Michael McKean, John Michael Higgins and shi tzu
Best in Show

And in an interview it’s a locked-off camera with a zoom and I’m whispering into an ear-piece. That’s my job. And at some stage I’ll say, ‘Stop. We’re getting off the point with this.’ Occasionally I’ll say, ‘You need to mention this, this and this.’ That’s part of my contribution. The other is actually in editing, really editing, with the editors. 


So in A Mighty Wind, when the three of you are sitting at the picnic and chatting about the past, exactly how do you go about…?


CG: I would say to the woman who shot that, ‘I want to start with this three-shot, and then go in to whoever’s talking.’ Then, after the fact, I will shoot listening shots which I can cut in later. So the three of us will just work through the scene. Then I will change around and we’ll go through the same thing again. It’ll be different. It’s different every time. The material’s the same. When I’m not on camera, I’m behind it listening to Harry and Michael. 


So when you do the one shot have you decided what takes you want so as you can shoot the reaction shot?


CG: All the takes are printed on Super-16. In 35, you’re picking your takes and so the editor, while you’re shooting, is actually cutting. He’s putting together a rough-cut. That’s not happening with this process. Everything is printed.


HS: Chris doesn’t even look at dailies.


CG: I don’t see dailies until after the film is done. It’s in knowing the range of what we’ve done that we’re able to do the listening shots. We know basically what’s been said; we know what’s important to the listener. So I’ll say to Harry, ‘Let me see you smile. Now look back at my camera.’


HS: Yeah, we’ll cover the range of emotions that may have been covered in that scene and Chris will remember, alright, what we’ve been going through in that scene and will have reactions for whatever’s been said during that scene by each of the characters in it. That’s the only time when you’re working to some form of an agenda because you know what’s been happening emotionally in that scene. 

You’re under two obligations. One: to be true to your character and not to try to press for a joke. And two: to be true to the moment of what your character’s wants and needs are in that particular scene. As people are in real life. Everybody has something they want in a situation, but they’ve got to kind of gauge what everybody else wants and where their chance comes. It may be now; it may be later. And it’s never the same two times through.


Waiting for Guffman

CG: And it’s OK if people talk on top of each other [as he’s just done by way of illustration]. 

Which you supposedly can’t have in a movie. There’s a scene that I did with Eugene Levy in Guffman where he takes his glasses off and his eyes cross. In that scene, I had my foot on the cameraman’s foot and I said, ‘When I tap you, that means you go to Eugene.’ So while we’re actually doing the scene, I had my foot on his and I would say my lines and I would tap and he would go to Eugene and we’d go back and forth. That was the coverage of that scene. That happens a lot.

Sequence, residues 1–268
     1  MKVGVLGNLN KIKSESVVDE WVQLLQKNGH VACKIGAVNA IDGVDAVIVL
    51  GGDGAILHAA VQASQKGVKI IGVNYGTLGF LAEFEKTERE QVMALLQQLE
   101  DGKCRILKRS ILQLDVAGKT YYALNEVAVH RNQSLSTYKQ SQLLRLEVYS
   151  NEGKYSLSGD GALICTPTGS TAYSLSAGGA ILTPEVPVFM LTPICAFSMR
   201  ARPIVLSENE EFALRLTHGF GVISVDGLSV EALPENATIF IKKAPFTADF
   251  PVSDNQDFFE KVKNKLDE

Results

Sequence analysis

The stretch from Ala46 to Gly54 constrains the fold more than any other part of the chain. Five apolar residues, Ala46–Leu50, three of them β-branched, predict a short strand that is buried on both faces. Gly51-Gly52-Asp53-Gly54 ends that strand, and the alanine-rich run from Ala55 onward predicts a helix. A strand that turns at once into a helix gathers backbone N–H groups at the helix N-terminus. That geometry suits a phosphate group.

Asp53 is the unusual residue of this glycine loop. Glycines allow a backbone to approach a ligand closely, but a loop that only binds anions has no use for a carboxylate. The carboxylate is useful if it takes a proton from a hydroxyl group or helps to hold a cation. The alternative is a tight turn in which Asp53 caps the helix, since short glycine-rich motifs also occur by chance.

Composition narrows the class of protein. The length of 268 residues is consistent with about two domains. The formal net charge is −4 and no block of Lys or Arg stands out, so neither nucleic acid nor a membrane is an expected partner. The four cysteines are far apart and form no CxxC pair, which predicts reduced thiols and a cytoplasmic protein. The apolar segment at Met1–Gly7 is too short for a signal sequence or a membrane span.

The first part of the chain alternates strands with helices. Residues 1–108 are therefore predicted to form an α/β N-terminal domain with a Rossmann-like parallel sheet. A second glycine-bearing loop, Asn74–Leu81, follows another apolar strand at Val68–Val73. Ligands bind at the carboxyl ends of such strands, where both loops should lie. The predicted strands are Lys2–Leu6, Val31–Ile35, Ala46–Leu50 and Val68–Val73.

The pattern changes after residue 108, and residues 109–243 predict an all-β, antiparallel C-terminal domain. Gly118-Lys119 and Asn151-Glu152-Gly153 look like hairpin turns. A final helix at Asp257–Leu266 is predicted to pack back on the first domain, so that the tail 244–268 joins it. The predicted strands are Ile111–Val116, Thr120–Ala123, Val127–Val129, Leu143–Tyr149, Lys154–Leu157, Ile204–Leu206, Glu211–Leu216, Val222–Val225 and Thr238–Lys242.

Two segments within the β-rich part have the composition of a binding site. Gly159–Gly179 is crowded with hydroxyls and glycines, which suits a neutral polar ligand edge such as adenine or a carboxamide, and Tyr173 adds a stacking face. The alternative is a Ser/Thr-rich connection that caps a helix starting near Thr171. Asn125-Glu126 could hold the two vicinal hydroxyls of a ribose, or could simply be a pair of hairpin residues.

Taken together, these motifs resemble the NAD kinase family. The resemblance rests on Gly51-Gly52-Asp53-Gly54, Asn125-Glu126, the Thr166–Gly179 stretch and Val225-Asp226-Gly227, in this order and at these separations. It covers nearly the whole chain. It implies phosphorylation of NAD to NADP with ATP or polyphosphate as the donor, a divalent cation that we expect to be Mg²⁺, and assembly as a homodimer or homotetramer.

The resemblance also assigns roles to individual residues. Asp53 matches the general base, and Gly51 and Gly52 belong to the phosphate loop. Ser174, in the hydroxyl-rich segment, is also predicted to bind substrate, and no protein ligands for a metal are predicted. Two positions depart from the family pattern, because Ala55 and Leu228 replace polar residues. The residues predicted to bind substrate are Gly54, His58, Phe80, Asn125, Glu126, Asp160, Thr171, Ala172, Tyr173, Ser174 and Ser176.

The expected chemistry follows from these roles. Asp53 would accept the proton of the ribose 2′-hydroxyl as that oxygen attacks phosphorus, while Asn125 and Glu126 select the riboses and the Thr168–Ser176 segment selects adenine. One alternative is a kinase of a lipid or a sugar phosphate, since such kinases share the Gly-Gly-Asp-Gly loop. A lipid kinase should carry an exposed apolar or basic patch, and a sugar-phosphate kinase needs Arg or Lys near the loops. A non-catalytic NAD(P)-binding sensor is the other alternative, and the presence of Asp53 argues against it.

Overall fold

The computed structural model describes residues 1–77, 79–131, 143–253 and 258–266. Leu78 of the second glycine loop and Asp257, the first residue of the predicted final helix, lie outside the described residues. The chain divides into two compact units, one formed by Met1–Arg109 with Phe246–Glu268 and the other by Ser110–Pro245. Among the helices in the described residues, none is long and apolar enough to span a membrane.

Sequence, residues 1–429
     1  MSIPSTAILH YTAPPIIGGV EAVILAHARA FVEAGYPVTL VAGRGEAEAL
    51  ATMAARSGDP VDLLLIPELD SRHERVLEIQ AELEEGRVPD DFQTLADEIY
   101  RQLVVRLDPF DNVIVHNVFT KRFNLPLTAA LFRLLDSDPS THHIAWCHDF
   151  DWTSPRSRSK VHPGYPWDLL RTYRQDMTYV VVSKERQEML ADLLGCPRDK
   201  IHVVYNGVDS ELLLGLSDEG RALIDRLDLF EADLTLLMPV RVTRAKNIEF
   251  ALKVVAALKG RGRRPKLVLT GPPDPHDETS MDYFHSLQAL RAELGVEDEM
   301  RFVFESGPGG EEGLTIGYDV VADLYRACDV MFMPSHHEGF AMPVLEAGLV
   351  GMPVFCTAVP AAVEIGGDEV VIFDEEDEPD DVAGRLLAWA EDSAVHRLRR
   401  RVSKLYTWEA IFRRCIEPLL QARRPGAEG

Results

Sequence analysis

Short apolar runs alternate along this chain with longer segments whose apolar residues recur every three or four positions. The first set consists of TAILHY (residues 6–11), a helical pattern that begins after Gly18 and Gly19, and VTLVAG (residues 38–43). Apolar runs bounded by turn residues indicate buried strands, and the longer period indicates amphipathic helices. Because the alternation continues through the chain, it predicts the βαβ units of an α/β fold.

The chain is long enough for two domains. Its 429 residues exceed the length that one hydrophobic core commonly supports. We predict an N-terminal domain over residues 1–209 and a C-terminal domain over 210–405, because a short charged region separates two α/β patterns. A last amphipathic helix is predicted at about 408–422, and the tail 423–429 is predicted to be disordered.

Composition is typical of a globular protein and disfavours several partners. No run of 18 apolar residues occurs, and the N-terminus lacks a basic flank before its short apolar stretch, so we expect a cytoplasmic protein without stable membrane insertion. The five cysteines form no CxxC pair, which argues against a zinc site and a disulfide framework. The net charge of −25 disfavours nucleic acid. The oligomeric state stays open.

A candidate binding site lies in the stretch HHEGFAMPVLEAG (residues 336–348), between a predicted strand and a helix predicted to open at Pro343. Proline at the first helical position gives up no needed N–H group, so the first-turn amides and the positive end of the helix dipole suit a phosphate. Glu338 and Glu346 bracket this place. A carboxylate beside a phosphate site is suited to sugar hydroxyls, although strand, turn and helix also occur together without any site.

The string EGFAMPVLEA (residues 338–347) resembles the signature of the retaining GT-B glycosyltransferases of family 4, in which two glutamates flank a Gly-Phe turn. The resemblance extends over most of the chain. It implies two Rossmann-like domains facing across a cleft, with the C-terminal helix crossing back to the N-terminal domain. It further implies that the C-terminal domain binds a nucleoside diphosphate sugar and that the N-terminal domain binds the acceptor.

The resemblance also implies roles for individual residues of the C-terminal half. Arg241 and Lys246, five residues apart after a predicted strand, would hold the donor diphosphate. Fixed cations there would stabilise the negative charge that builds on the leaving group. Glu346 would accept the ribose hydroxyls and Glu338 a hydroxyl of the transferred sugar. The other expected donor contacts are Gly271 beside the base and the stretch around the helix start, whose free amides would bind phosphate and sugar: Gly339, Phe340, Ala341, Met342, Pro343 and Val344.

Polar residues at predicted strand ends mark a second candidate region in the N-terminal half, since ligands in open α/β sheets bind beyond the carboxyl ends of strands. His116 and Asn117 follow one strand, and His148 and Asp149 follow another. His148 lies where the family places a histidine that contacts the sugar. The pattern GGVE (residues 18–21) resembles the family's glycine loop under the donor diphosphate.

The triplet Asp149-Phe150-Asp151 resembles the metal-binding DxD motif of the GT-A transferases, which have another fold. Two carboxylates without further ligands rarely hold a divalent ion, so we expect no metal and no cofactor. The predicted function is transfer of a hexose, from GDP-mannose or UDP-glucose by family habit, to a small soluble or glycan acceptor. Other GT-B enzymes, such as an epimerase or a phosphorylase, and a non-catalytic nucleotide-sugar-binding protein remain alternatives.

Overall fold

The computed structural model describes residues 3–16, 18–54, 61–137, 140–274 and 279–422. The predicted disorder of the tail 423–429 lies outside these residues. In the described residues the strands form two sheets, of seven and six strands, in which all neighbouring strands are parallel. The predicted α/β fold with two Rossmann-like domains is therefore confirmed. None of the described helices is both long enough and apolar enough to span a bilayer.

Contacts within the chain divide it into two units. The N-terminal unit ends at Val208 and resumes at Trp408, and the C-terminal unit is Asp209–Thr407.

You shoot on Super-16. Why not digital video?


CG: When I started doing these films, there was no digital video. It hadn’t come out yet. And now it’s the third film and I thought that I would maybe only do three films like this. I wanted to make them even just on the basis of the way they looked. 

In reality, if you’re doing a documentary, you would only do it on digital. There’d be no way in the world that you’d shoot film. There’s no advantage to shooting film now. Absolutely none at all. It’s a pain in the arse, to be honest. Especially 16mm because I’ve been going through this now since 1995, but to have that process and go through that, there’s not many people who’d do that in the States.


Frederick Wiseman says, though, that under no circumstances would he ever go to digital video because of the mindset that creates for him in terms of wastage. That he would just shoot and shoot and shoot and never be able to…


CG: Yes, but you have to see the films on film and, honestly, I shoot as much as I want. I have 80 hours on this movie. For me, it’s much more of a very subtle, subliminal look and I happen to like the look of film. But if you were making documentaries for the most part, you’d grab one of those little cameras and you’d go out and make your movie. It’s fantastic.

Harry, you chose to shoot your feature [Teddy Bears’ Picnic, 2002] on digital video. Why?


HS: The first reason is money. The second reason is money. The third reason is the money. And because this film only really got to a starting-date at the point where all this stuff was happening. The availability of the technology was the motivating factor for me doing the movie that way at that point in time. 

did learn something a propos of what Chris was just saying about the look, or The Look. 

It was really interesting because the first few times I showed it, I had the finished picture in digital and we projected it digitally. And I thought, ‘Hey, this is the future of the business.’ Shoot digital, project digital: that’s what everybody’s saying. Things that were supposed to get laughs didn’t get laughs and I got worried. 

And somebody came out after one of the screenings and was trying to be complimentary and said, ‘Boy, that was really vivid.’ Well, on the list of adjectives that I wanna hear, that’s still down the list.


CG: ‘I could hear what everybody was saying.’


HS: Yeah. But, you know, as with most notes that you get from people, you try to listen underneath what they’re saying to hear what the real message is. And the message I took away from that is, ‘We’re gonna transfer to 35 right away.’ I was always planning to transfer to 35. And ever since then when I’ve shown it at festivals or regular screenings, those moments that I was worried about have gotten laughs.


CG: But it was really vivid.


HS: Yes, it is really vivid. But there is something about the digital experience, where you’re not having the shutter open and close 24 times a second in the projection, where you’re more present with the characters. So if you’re doing a dark comedy where you’ve got people you don’t wanna be in a room with, in a digital situation you’re scaring people.